The aggregation of Asian Americans masks important differences in mortality among subgroups. To date, the majority of death record data available in the U.S. is from California, where several studies have suggested important differences in cause-specific mortality, with Asian Indians having higher mortality due to coronary heart disease[9, 10] and Chinese and Japanese having higher stroke and cancermortality. Prior to implementation of the 2003 Standard U.S. death certificate, reporting of decedent race on death certificates used a fill-in-the-blank approach. Federal instructions on how to complete this fill-in-the blank field, including a list of specific race categories, became more granular over time. Starting in 1992, Chinese, Japanese, and Filipino were suggested race categories in all states. The additional categories of Asian Indian, Korean, and Vietnamese were suggested for collection in 7 states most populated with these ethnicities. The 2003 Standard U.S death certificate provides a check box for each of the six largest Asian subgroups. Since the 2003 standard became available, 36 U.S. states and the District of Columbia have adopted it as of 2011(year of adoption varies by state, with 5 of the previously mentioned 7 most populous states adopting the new standard by 2004).[12–16] While the degree to which states disaggregated Asian subgroups varied across our study period, we believe the adoption of the 2003 standard corresponds to an increase in accuracy of subgroup reporting. The U.S. Census began disaggregating Asian subgroups in 1980, which provides self reported racial/ethnic data to calculate population sizes.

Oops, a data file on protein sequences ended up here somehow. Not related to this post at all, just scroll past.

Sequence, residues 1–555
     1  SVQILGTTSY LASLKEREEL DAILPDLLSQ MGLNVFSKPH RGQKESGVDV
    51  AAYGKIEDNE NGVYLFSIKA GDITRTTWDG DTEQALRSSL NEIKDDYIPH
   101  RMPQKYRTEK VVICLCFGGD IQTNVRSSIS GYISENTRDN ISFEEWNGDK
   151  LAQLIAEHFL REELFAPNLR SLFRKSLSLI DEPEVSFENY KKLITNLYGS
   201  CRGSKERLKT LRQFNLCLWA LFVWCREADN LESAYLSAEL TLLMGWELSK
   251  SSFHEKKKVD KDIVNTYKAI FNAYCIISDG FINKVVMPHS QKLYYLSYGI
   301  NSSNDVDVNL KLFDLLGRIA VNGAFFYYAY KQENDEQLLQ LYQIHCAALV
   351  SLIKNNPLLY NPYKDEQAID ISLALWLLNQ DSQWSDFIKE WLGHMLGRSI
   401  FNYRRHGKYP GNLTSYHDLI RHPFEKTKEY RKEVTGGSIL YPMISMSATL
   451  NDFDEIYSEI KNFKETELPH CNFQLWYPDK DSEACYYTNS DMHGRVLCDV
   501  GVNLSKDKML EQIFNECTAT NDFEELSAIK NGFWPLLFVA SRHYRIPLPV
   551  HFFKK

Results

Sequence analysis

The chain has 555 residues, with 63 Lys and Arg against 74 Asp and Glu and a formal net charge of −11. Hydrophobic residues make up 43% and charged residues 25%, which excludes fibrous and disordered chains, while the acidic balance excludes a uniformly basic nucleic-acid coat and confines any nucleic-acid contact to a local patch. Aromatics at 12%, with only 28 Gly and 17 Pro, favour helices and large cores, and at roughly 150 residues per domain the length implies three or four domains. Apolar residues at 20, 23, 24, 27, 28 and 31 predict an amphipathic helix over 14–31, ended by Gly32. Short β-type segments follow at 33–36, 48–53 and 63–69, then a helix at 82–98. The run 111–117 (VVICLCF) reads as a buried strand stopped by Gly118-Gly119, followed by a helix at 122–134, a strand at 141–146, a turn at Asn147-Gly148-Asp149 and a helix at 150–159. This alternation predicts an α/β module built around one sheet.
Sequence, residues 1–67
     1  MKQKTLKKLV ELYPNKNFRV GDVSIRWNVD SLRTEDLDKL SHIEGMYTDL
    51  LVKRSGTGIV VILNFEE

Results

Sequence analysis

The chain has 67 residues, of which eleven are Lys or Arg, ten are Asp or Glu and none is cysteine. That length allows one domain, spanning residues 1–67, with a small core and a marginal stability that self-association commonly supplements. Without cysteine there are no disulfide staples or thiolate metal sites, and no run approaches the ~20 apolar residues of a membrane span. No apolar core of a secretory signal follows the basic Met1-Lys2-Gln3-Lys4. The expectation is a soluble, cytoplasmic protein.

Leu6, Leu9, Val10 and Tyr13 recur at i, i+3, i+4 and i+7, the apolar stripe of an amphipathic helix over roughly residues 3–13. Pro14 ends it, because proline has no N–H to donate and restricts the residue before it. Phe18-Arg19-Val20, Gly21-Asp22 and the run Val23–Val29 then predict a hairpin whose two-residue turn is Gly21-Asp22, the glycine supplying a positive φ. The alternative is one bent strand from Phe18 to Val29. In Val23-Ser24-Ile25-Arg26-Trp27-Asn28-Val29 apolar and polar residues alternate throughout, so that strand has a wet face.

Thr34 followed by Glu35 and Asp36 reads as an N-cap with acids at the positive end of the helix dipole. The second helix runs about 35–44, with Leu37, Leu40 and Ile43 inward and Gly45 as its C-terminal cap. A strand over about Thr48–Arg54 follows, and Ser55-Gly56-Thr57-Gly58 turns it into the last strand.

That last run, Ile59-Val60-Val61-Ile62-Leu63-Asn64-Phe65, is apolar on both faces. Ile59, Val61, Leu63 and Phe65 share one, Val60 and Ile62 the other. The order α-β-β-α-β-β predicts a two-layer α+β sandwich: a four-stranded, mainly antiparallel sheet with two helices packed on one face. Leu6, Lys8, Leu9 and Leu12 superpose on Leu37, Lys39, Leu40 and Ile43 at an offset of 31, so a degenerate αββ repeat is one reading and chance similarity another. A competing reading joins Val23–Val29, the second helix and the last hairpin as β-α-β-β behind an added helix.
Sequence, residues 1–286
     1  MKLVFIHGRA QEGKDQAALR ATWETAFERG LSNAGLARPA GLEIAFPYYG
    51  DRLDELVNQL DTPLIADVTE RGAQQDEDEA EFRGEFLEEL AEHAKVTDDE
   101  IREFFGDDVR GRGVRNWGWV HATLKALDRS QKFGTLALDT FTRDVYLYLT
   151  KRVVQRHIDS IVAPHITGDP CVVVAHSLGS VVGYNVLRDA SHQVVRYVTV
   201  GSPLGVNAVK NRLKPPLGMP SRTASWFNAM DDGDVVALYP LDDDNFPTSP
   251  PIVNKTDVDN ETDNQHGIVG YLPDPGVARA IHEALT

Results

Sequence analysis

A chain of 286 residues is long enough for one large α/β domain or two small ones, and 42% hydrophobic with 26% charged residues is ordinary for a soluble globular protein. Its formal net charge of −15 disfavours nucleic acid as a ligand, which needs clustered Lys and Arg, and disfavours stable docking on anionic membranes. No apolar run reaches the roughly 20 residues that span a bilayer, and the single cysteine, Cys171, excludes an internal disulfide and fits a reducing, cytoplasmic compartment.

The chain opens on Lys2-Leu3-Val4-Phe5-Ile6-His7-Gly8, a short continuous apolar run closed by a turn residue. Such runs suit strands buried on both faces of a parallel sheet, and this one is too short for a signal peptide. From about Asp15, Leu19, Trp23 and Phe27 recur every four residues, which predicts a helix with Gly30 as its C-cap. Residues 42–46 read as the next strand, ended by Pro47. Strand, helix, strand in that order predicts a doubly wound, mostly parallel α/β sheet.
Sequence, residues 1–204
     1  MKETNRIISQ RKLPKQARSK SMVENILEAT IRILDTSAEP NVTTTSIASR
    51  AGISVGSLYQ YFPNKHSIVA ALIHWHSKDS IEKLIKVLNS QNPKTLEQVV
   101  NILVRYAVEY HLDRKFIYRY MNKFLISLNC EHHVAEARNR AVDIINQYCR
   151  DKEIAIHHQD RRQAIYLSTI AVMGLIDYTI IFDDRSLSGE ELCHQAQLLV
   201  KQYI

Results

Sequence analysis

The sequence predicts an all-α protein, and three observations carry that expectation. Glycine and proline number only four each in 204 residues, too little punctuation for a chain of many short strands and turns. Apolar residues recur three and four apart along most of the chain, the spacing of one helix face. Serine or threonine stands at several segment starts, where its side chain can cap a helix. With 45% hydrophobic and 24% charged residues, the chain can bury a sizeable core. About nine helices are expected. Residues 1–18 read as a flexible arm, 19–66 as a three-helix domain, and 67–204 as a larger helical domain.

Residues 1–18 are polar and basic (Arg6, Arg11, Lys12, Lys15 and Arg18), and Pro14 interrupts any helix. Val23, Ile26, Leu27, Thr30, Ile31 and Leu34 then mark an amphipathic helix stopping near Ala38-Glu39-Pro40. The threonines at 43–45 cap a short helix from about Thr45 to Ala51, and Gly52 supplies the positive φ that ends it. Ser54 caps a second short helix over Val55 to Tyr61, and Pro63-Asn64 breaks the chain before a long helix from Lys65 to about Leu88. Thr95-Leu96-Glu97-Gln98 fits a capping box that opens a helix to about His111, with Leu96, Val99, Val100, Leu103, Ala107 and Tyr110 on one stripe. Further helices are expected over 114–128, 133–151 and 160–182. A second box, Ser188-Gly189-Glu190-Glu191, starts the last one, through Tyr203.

Immigration history differs among Asian subgroups, and has not only shaped geographic concentration, but also demographic characteristics and socioeconomic disparities between subgroups, and may also play an important role in observed mortality differences. Brief immigration histories for individual Asian subgroups have been outlined in a previous publication. Based on the American Community Survey (ACS) 2011 data shown in Table 1, nativity, educational attainment, and household income level also varies by Asian subgroup. Prior research has shown that socioeconomic and cultural factors are strongly associated with mortality in other racial groups.[18, 19]